Scavenged, by Scott Arbuckle: For Fans of XCOM
Scott Arbuckle’s Scavenged has been sitting on my “To Read” shelf for quite some time, and I finally made a point of diving into it this past week. A quick read, I’m glad I made the plunge for a variety of reasons.
(1) It reminded me of my days playing XCOM. A good and bad trait for a book. For those who don’t know, the XCOM video games place you as the commander of a military group tasked with protecting humanity from UFOs. It’s fun! It’s tactical strategy, and the procedurally generated nature of the game means no two play-throughs are ever the same. And I never thought I’d read a book that would expand on this type of setting.
Which was cool . . . but I also felt like I was reading worldbuilding points straight from the game in certain chapters. Which made the book feel partially derivative. Not the worst series to derive your story from, though!
(2) It diligently explored moral questions of human advancement. Arbuckle expertly handles questions of humanity’s relationship with technology, particularly honing in on a classic moral question: “Do the ends justify the means?” Whether intentionally or not, by the end of the book, I found parts of my brain agreeing with the antagonists, which means Arbuckle wrote compelling antagonists.
(3) The pace of the book never slows down. Almost every chapter’s got its action scene, which made the book a gripping and fast-paced read. I actually finished the final third in about an hour on a Sunday morning.
With those points in mind, I’m going to emphasize my biggest gripe with Scavenged, and until I run it through my scoring metric, I’m not entirely certain how it will affect its score. If you read the Amazon description of Scavenged, you’re led to believe the tale focuses on Lyra and Orion, two positively wonderful characters whose dynamic really drives a decent chunk of the narrative.
However, the Amazon description neglects to mention Auriga, the other central character to this tale . . . and a character who may receive more screen time (so to speak) than Lyra and Orion. While I’m not an opponent of multi point-of-view books, every time Auriga’s chapters were in front of me, I wanted to know what was happening to Orion.
Auriga’s narrative is good; and it’s important to the moral questions of the tale (see (2) above), but at times, I felt like his story served more as a vehicle through which to explore cool technological and biological exploits, rather than to push Orion and Lyra’s story forward. Some of the longest, action-packed sequences occur in Auriga’s chapters, but given the care and focus applied to building Orion’s backstory, I didn’t really feel the stakes of Auriga’s potential death in these chapters. I cared about what happened to Orion; if Auriga died, it wouldn’t matter, because it would pull me back to Orion.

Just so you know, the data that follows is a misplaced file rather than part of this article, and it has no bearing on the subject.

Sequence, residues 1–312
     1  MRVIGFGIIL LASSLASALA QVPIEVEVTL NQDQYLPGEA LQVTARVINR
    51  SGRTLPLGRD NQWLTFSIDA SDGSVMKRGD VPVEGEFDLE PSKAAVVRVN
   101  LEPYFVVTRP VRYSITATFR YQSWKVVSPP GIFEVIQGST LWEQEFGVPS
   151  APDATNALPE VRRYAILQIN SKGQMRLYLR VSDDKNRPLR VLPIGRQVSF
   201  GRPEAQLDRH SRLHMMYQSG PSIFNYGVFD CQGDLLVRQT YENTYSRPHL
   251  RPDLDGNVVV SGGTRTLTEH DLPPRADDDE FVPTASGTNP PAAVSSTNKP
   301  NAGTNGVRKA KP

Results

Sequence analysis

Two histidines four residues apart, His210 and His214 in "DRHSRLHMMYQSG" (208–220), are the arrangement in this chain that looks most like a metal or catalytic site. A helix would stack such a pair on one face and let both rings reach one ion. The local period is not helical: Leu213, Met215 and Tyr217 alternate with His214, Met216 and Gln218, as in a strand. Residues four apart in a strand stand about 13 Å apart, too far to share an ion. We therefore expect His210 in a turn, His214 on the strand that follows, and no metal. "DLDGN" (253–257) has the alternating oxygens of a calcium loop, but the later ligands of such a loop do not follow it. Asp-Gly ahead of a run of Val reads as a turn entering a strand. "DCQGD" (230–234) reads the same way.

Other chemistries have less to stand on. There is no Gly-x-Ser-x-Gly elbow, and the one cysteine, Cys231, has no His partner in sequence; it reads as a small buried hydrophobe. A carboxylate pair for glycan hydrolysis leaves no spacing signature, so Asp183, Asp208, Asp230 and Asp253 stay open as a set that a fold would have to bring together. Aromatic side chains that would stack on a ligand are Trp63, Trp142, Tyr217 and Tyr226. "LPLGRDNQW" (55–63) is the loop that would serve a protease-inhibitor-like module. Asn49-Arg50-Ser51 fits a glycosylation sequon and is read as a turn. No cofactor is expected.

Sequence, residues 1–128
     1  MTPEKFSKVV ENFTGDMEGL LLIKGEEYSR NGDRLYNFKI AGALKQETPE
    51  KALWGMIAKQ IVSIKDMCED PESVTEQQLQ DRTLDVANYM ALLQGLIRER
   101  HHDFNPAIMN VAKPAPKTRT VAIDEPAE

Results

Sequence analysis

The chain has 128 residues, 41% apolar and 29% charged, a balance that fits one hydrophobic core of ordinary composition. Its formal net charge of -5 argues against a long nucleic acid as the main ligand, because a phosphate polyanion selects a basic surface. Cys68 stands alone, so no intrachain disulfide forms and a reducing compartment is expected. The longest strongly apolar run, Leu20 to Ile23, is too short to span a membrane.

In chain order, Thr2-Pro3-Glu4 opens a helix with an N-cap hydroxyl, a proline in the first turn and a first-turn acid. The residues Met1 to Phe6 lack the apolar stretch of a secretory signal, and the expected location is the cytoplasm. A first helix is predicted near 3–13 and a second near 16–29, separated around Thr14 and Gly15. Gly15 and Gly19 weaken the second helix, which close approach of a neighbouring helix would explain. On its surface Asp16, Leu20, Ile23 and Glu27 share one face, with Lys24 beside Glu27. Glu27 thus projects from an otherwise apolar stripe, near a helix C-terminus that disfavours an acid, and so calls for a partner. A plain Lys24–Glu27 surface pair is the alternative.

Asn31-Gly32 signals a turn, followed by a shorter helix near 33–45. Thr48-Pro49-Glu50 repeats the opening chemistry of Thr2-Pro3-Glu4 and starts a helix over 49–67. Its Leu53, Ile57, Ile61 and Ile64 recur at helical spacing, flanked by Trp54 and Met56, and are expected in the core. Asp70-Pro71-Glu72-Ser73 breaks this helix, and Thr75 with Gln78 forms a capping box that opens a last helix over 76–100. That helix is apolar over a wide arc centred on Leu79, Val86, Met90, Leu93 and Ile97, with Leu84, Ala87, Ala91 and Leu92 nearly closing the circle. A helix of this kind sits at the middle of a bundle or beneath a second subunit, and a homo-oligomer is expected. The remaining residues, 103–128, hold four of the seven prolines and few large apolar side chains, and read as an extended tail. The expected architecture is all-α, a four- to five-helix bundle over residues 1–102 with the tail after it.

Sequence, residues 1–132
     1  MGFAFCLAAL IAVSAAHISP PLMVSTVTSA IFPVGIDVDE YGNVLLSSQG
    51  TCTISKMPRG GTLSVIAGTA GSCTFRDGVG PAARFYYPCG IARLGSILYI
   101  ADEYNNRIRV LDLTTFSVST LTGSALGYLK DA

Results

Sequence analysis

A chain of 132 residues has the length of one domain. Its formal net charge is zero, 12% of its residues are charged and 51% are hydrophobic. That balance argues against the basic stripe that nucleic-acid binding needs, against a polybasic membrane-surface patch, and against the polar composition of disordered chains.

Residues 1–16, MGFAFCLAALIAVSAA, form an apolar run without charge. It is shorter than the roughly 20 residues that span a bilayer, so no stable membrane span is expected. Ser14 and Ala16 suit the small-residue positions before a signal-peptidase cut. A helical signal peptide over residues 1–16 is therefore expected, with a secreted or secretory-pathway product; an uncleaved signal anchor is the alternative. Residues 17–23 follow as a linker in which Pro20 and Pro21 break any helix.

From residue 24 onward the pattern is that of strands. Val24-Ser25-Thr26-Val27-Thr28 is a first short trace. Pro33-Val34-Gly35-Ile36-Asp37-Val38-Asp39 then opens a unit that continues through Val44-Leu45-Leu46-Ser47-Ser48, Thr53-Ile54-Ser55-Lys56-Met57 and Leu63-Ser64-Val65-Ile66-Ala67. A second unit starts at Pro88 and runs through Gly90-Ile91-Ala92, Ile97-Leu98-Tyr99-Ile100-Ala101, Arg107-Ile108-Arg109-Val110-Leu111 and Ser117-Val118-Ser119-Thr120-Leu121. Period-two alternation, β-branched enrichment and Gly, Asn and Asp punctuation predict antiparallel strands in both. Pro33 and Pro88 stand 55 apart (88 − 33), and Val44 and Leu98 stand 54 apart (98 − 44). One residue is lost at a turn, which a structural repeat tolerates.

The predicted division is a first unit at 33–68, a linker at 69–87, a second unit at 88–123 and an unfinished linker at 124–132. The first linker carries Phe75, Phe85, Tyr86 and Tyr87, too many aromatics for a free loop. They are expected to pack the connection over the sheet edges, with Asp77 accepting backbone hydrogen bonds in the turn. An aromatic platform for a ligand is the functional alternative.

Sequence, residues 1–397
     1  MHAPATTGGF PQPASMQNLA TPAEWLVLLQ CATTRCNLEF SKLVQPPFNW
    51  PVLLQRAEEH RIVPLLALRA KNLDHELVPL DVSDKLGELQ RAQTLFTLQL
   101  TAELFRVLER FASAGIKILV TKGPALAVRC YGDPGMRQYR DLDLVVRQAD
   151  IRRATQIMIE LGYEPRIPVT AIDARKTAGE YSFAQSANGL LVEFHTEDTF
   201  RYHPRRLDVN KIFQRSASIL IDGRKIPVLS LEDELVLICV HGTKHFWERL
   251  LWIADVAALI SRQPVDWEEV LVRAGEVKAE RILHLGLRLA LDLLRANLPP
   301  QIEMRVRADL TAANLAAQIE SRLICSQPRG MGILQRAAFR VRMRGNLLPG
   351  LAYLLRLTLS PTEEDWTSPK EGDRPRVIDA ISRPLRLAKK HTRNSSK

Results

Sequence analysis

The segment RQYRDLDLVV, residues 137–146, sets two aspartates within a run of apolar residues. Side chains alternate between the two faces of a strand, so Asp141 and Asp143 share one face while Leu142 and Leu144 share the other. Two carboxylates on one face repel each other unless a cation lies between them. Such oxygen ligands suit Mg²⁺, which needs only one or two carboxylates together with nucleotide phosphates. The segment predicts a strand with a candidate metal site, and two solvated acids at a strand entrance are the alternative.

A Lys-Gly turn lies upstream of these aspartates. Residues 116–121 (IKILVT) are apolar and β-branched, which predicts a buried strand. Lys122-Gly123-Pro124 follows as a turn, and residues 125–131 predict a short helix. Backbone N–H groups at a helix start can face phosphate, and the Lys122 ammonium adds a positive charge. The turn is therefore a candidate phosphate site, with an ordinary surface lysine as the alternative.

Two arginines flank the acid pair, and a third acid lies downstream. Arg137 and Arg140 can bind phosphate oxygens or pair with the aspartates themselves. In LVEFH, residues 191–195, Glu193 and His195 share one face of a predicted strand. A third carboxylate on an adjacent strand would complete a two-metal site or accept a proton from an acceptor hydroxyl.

With all of that being said, the final chapters bring everything together in a satisfactory conclusion. Arbuckle has established a story with many open-ended strands it can follow; I’m excited to see where the narrative goes in Augmented, the sequel.
Now onto the scores!
Writing: 7/10. I enjoyed the fast pace of Arbuckle’s writing in Scavenged, though I consistently felt like some sentences were a bit wordy with words like now, indeed, still, that, and other filler words. That’s also my “editor brain” not being able to be turned off. Importantly, I don’t think I noticed a single grammatical error or typo in the entire book.
Characters: 7.5/10. Orion and Lyra (and Corvus) blew me away, but Auriga fell a bit flat. Another character (Vinculum) really sealed the deal on the ability of Arbuckle to write gripping characters, though, earning that extra 0.5 points.
Plot: 6.5/10. Given the criticism I dropped above, you might expect a lower score than 6.5, but I want to emphasize that Arbuckle has developed a compelling tale about humanity’s relationship with technology and more generally, evolution. It’s told through all characters in different ways, and while I disliked Auriga as a character, he will most likely appeal to other readers!
Setting: 7.5/10. As I said, I enjoyed the throwback to XCOM, though I wish I could have acquired a bit more understanding of the overarching political situation on Earth throughout the tale. There were hints to a fascinating relationship between anti-tech groups, a “resistance,” and a one-world government known as the Protectorate, but I didn’t get a true sense of what those groups meant. But the injection of the Lacerta in the tale bumped this score from a solid 7 to a 7.5.
Overall: 7.125/10. Just scraping into the 4 Star category, congratulations, Scavenged! And remember, if you’re interested in acquiring the book, find it over on Amazon!